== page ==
The American television-viewing public may soon be offered a new docudrama that asks the question: "Should the Senate table the appeal of the chair that the amendment in the nature of the substitute to the first committee amendment to the House-passed bill amends the same section of the bill twice and is therefore out of order?"

For senators, the question is simpler: Will the Senate be the same after the country sees it in all its unabbreviated glory, complete with gavel-to-gavel filibusters, four-hour quorum calls and endless haggling over such arcane questions as tabling the appeal of the chair?

When the Senate voted Thursday to begin televising its proceedings on a trial basis June 1, there were about 100 opinions among the 100 senators about how cameras will affect operations of what they proudly call the "world's greatest deliberative body."

The lack of consensus is one reason for the Senate's lengthy debate over whether to try television, seven years after the House did so with far less argument and angst.

A key factor is the peculiar nature of the Senate, which departs in many ways from the normal American tradition of majority rule. To encourage debate and foster new ideas, to protect political minorities and to act as a brake on precipitous action, it functions largely by consensus, often only by unanimous consent. In upholding these traditions, the Senate is, in words heard during the debate on televising its proceedings, often "disorderly," even "messy."

The question is whether television is compatible with these traditions. The 67-to-21 vote to experiment with television appeared to underscore not only the irresistible appeal of the camera but a willingness to gamble.

At one end of the argument were those who contended television would lead to excess grandstanding that, in turn, would increase pressures for constraints that would undercut the chamber's role as a forum for debate and dissent.

"I'm afraid the effect is going to be revolutionary," said Sen. J. Bennett Johnston (D-La.).

"It's going to make it difficult for the Senate to get its work done . . . and there will be pressure for changing rules to limit debate," he said. "Everyone from the garden club to the Lion's Club runs on majority rule. They don't understand why the Senate should be different."

At the other end of the argument were those who said the presence of cameras would enliven debate, get rid of some sloppy habits and possibly produce better-informed lawmakers and better laws.

Increased public awareness of how the Senate does business will improve the institution, said Senate Minority Leader Robert C. Byrd (D-W.Va.), who led the drive for television in its final successful phase. "It's slipped to a pretty low level. It's worse than I've ever seen it," he added.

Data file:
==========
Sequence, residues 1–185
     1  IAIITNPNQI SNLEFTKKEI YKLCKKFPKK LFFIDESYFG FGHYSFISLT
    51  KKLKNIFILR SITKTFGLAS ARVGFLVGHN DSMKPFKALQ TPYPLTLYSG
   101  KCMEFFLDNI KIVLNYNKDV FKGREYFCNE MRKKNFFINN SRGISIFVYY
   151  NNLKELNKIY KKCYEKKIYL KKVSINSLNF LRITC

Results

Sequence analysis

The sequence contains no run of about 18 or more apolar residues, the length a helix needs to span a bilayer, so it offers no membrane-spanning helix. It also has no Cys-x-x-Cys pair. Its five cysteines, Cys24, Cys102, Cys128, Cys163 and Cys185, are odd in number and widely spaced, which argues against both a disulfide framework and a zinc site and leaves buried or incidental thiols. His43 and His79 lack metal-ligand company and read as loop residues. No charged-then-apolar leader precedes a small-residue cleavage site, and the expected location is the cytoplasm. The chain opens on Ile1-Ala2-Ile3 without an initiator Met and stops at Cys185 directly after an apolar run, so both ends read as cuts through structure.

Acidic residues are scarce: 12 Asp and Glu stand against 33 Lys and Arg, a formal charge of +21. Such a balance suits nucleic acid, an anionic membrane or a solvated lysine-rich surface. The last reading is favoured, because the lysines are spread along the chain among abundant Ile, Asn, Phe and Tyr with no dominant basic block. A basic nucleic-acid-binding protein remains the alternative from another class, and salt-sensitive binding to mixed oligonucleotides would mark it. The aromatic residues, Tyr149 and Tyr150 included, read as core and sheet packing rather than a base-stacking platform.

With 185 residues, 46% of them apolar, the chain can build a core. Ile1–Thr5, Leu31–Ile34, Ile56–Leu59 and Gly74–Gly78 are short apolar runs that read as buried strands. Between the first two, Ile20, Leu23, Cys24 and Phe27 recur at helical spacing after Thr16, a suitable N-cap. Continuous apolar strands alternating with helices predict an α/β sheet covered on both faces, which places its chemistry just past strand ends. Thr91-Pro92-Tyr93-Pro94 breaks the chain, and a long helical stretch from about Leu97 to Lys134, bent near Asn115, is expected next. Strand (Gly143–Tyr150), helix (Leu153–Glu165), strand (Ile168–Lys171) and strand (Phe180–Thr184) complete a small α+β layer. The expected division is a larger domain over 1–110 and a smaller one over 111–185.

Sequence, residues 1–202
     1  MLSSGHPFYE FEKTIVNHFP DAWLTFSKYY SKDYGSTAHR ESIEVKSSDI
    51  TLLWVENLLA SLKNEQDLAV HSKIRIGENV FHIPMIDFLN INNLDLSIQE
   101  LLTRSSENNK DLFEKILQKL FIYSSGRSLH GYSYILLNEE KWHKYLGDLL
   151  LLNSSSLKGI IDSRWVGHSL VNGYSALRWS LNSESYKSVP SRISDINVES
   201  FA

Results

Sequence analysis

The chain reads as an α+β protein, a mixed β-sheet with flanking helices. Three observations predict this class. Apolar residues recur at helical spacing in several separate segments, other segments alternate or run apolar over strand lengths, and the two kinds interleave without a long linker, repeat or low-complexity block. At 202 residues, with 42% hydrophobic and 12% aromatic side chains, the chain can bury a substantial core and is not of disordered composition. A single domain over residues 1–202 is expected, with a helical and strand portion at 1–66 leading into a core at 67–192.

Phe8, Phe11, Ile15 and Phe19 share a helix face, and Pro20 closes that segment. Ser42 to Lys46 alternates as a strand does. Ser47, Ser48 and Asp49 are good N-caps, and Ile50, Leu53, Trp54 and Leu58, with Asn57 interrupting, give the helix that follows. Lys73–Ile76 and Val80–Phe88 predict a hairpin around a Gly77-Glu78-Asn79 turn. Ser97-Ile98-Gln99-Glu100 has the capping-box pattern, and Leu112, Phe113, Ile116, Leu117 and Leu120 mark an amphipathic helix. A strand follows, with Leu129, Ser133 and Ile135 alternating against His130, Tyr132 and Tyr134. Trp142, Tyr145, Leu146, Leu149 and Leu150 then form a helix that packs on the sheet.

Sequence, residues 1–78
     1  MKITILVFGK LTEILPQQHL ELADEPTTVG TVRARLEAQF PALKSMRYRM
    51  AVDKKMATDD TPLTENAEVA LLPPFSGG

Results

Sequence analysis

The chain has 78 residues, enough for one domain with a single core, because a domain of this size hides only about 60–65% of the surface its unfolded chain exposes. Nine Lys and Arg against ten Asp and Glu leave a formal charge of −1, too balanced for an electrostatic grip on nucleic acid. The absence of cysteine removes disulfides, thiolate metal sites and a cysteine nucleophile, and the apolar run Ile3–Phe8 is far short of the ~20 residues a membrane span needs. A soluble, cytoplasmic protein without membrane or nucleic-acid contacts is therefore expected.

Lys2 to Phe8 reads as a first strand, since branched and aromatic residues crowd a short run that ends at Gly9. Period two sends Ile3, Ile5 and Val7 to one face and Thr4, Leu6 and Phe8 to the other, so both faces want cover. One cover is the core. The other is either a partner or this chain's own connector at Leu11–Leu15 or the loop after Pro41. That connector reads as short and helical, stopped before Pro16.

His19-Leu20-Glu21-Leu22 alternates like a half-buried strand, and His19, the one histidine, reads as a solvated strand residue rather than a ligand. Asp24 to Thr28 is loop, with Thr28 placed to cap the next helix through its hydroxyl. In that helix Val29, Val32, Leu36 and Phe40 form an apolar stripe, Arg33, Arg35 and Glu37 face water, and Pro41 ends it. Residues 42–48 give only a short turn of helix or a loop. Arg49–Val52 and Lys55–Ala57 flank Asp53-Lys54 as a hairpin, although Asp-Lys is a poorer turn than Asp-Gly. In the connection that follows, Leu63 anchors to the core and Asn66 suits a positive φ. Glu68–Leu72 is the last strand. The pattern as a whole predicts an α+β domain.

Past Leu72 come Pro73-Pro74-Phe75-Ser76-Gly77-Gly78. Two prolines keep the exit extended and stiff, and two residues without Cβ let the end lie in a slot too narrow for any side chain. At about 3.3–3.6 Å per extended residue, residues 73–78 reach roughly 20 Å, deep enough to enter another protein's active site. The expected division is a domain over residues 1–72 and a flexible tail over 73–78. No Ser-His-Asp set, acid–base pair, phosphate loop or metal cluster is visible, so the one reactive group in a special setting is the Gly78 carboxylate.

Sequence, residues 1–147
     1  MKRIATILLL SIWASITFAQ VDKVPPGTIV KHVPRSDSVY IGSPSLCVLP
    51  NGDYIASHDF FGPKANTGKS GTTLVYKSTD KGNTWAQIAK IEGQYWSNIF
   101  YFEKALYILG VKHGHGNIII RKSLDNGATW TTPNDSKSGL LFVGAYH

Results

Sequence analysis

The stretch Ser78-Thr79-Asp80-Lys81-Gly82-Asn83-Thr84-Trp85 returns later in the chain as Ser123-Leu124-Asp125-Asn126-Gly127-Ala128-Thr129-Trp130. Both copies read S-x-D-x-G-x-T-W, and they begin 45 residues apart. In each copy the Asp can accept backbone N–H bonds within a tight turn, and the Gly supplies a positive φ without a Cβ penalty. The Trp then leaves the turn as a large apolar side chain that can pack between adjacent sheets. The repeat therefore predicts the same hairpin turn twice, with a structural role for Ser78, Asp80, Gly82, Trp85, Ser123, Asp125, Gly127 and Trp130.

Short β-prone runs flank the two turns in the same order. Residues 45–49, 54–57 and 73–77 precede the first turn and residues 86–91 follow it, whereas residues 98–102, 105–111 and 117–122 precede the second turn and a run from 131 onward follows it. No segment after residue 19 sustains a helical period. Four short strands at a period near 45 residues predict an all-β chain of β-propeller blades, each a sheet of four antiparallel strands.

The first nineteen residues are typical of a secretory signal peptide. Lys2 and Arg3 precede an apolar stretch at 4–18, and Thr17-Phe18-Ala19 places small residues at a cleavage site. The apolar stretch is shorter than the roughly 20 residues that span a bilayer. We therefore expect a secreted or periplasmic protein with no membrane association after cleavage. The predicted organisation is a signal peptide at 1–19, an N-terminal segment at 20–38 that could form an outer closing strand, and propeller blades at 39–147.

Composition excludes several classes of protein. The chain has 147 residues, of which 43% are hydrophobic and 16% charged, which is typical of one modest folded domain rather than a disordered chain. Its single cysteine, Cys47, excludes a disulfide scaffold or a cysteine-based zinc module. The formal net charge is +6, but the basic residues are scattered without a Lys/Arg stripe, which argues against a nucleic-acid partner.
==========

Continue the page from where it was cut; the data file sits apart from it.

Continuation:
In between were those, perhaps a majority, who felt that television cameras probably would be beneficial but potentially risky.

"It's a big, big gamble," commented Sen. Dan Quayle (R-Ind.), who said he favors televising the Senate but voted against the measure because he felt that rules changes to expedite work and make the Senate more suitable for television did not go far enough.

In approving the trial period for television, the Senate agreed to restrain its members' ability to continue delaying tactics after filibusters are limited by a cloture vote, but dropped a variety of other proposals, including stronger filibuster curbs.

"There's a real tension there and it's hard to reconcile -- the instant demands of television and the deliberate nature of the Senate," said Sen. Paul S. Trible Jr. (R-Va.), who voted for the television proposal. But he said he worries that it will force the Senate to adopt a more structured style, as in the House. "The Senate is not intended to operate as the House does but as a counterweight . . . . I worry about maintaining the deliberate nature of this place," he added.

Quayle and Trible both served in the House when television began there in 1979. They said they think that it has served the House well. What concerns Trible and some others is that television is better suited to the more disciplined House, which generally operates under time restraints on debate.

They also said cameras in the Senate chamber may simply have been inevitable after the House opened its doors to TV and not only survived but built up a large and growing cable-television audience.

Not only are the two bodies jealous of each other, but House members have a habit of running for the Senate, and senators are loathe to see a potential rival hogging the spotlight.

Sen. Albert Gore Jr. (D-Tenn.) also served in the House when it began televising its proceedings and said he thinks that the public will not be insensitive to differences between the two bodies. "A lot of people around here give the American people too little credit for catching on," he said, adding, "Let it [the Senate] be seen, and if that results in pressure for change, then so be it."

While the Senate's outlook for the impact of television on its proceedings is unclear, one of the most respected independent observers of Congress is optimistic.

"The excess of informality that has characterized the Senate, the extreme bending over backwards to satisfy 100 prima donnas while losing control of the Senate in the process, will come to a stop," said Norman Ornstein, a political scientist at the American Enterprise Institute